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Discussion Starter · #1 ·
So, is it effective with good success to use a frame of drawn(extracted) honey comb in a swarm box?
What about a frame that is heavily filled with pollen but some empty areas in it as well?
I would only be putting one of these kinds of frames in the swarm box at a time and filling the rest with foundationless deep frames. Thanks, juzzer
 

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I use two old, dark, brood combs that have gone through the Winter and are really dry, in each trap. I have never had a problem with small hive beetles or wax moths attacking them.

cchoganjr
 

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Discussion Starter · #4 ·
Brood frames draw wax moths. You may still get bees with used brood frames, but they will have a mess to clean up.
America's beekeeper- So what kind of drawn frames do you put in your hive if it is not brood frames? It seemed like 90% of the beekers here have suggested to use black brood frames? What kind of mess do you mean if brood frames are used?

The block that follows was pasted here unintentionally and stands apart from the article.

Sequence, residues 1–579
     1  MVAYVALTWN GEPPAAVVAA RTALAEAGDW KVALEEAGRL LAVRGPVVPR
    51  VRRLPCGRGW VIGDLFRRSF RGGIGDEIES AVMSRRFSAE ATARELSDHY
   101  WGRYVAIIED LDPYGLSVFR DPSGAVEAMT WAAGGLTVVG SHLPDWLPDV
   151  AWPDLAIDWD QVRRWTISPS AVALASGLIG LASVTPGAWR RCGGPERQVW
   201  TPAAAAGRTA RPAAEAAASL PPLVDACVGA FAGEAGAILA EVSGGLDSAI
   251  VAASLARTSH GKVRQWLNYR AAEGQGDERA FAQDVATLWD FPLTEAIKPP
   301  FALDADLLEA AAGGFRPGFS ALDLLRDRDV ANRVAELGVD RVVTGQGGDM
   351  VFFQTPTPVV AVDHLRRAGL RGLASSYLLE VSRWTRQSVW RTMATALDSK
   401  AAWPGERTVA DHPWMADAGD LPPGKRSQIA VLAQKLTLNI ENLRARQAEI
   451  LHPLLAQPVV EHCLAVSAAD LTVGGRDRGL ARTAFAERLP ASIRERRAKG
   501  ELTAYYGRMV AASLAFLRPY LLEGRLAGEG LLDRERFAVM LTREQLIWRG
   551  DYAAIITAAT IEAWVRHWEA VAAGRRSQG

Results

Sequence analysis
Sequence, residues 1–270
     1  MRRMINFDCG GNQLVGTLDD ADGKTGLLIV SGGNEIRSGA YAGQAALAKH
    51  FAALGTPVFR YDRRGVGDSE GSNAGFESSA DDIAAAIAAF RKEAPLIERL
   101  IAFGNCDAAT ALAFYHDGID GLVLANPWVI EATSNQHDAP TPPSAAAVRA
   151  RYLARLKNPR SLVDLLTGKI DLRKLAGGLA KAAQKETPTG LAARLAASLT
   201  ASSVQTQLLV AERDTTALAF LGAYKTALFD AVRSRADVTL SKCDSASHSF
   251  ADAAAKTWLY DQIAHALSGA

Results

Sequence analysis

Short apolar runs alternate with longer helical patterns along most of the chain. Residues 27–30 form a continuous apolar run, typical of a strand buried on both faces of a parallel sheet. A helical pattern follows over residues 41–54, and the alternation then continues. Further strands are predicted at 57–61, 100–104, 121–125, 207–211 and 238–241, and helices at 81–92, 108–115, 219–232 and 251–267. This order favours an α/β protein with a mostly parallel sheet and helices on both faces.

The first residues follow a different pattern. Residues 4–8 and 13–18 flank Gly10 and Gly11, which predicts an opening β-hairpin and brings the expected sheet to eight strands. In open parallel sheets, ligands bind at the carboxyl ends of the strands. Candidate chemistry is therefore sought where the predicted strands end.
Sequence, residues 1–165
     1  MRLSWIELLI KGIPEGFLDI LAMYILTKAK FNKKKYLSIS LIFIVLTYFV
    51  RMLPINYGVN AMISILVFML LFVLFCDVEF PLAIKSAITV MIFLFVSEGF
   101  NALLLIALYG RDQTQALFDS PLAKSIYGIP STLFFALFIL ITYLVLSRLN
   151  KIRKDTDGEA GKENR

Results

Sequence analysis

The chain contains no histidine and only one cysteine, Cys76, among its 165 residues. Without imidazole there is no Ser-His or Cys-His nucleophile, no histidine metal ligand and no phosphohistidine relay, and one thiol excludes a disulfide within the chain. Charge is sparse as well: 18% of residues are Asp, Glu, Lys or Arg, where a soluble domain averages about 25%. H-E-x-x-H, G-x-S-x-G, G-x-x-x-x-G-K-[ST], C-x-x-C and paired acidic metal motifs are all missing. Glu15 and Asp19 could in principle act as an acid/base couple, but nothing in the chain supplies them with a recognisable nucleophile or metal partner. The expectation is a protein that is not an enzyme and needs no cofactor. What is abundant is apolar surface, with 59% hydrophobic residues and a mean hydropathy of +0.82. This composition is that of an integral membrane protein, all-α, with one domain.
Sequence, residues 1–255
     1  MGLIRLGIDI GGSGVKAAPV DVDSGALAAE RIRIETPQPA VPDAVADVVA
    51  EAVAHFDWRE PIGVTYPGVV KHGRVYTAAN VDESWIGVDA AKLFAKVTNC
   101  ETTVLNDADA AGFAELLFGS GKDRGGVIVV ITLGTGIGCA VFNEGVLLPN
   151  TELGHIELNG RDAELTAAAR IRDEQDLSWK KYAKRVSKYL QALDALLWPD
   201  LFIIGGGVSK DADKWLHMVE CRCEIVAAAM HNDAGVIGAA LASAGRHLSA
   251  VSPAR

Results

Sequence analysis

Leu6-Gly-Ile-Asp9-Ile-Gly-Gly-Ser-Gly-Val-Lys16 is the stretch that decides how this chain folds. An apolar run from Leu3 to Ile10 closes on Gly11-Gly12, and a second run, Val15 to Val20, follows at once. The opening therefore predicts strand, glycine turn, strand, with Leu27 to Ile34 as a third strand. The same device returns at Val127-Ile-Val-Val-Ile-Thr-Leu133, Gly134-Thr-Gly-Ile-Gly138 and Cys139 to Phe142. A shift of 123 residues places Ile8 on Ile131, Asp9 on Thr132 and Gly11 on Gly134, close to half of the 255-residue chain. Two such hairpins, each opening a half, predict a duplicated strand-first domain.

What is the thought on empty honey supers? Is that not durable enough to support egg laying?

The reason I am considering pollen or honey frames versus brood frames is that I only have a few hives and not many spare brood frames. Thanks, juzzer
 

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I'm not sure if this answers your question or not...Hal uses some old comb as well as a little capped honey. I asked how/why he kept the honey. He says he just keeps the 'not so pretty stuff' for times like this, when he has to entice a swarm into a hive. He keeps it in the barn.
He tells his story here.
http://solarbeez.com/2014/05/02/capturing-a-swarm-hals-unique-technique/
He knew my neighbor wanted a swarm. This swarm came from his log hive, landed on a small tree that his wife didn't want him to butcher by cutting branches off to get the swarm.
 
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